The birth of Texas A&M
In the early days of the Civil War while the fate of the nation hung in the balance, the Morrill Act was signed into law by President Lincoln on July 2, 1862. This act provided 30,000 acres of federal land per each member of their Congressional delegation.
The land was then to be sold by the states and the proceeds were required to be used to create colleges focused on the agricultural and mechanical arts.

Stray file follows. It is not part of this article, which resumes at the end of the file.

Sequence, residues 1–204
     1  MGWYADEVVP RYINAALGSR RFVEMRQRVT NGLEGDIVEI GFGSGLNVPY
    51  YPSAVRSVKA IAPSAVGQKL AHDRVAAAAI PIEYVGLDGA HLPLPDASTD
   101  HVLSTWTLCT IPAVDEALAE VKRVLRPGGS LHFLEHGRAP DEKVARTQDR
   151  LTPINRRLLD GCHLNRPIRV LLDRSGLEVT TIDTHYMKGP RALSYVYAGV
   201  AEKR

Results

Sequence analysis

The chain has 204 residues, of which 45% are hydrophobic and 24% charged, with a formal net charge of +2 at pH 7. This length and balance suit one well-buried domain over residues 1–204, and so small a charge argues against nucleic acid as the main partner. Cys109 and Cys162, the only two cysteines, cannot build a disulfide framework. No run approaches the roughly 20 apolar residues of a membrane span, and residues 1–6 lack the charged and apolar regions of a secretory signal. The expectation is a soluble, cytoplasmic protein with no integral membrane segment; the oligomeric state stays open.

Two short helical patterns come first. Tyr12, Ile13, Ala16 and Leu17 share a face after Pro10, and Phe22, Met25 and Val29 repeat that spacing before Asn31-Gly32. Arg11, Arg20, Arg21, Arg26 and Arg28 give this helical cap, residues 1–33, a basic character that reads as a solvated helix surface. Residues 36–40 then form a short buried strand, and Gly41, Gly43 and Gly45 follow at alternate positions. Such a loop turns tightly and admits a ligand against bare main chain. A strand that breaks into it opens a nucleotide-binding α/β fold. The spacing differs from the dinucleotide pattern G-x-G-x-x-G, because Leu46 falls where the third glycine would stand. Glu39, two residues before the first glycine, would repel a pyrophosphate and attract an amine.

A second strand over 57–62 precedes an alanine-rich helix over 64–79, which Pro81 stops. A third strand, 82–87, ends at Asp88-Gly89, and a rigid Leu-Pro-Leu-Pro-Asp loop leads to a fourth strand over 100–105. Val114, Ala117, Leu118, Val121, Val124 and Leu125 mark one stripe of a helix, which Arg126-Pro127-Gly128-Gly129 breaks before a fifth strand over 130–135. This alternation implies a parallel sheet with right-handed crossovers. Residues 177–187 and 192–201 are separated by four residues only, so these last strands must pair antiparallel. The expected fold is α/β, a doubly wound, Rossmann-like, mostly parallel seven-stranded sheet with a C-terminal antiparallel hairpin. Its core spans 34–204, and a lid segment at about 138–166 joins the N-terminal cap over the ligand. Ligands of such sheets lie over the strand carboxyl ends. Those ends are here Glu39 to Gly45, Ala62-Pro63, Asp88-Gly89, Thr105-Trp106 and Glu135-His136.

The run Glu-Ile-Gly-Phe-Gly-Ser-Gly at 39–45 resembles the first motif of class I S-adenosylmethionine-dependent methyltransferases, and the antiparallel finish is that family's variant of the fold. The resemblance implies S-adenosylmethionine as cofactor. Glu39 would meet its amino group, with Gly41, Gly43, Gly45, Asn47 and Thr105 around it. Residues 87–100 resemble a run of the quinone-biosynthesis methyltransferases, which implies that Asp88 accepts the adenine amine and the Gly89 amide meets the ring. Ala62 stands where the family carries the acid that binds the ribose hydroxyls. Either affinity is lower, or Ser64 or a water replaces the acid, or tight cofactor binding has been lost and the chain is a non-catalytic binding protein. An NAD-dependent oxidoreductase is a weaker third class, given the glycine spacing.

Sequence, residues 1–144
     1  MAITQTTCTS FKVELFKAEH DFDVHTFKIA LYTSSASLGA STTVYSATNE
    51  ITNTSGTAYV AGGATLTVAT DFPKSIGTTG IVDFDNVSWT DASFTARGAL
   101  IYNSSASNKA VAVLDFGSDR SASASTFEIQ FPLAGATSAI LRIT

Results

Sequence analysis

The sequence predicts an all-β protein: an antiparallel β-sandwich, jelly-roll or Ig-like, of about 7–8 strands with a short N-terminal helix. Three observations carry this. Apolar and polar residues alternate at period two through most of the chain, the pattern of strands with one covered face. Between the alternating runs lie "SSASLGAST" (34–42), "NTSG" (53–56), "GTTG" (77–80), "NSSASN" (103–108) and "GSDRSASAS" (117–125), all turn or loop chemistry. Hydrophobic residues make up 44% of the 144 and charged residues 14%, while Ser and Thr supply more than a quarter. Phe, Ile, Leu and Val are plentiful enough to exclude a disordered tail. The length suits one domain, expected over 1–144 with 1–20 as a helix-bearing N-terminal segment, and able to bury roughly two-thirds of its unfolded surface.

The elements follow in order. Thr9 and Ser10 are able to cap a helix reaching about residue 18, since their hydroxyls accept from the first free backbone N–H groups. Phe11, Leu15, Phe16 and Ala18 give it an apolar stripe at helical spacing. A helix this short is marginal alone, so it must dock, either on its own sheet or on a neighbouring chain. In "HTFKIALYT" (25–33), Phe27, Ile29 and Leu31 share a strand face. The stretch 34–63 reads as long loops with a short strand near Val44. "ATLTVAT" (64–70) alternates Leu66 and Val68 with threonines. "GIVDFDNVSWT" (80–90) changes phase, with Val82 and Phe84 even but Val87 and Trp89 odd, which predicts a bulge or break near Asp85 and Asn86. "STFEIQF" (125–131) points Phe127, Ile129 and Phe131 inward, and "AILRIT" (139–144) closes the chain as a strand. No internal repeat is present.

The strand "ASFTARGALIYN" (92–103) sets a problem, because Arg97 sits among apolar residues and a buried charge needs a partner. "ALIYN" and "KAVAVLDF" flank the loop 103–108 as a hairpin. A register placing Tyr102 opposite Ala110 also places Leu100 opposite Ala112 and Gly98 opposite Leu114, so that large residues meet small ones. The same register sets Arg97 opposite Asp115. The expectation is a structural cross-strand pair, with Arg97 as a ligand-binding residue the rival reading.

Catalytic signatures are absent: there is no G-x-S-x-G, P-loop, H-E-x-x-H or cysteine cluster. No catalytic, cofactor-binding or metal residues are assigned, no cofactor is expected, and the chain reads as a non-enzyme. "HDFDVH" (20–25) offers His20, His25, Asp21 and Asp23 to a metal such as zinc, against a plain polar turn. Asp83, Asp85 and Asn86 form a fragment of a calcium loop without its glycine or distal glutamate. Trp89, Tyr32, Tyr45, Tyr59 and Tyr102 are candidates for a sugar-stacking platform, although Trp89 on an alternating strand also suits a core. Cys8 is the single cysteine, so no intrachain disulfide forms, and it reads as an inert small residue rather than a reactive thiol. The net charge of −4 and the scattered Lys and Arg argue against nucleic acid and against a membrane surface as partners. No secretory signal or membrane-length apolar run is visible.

The state of Texas, even though it had seceded from the Union and was in rebellion, received its funding after the war was over and created Texas A&M University which formally opened on October 14, 1876. Lincoln said these colleges were to educate the children of farm and factory workers or “the sons of toil” and this act created 69 of these colleges stretching from the Atlantic to the Pacifi c. In addition, A&M secured acceptance as one of six military colleges, which then provided clothing and stipends for its military students so they could stay enrolled
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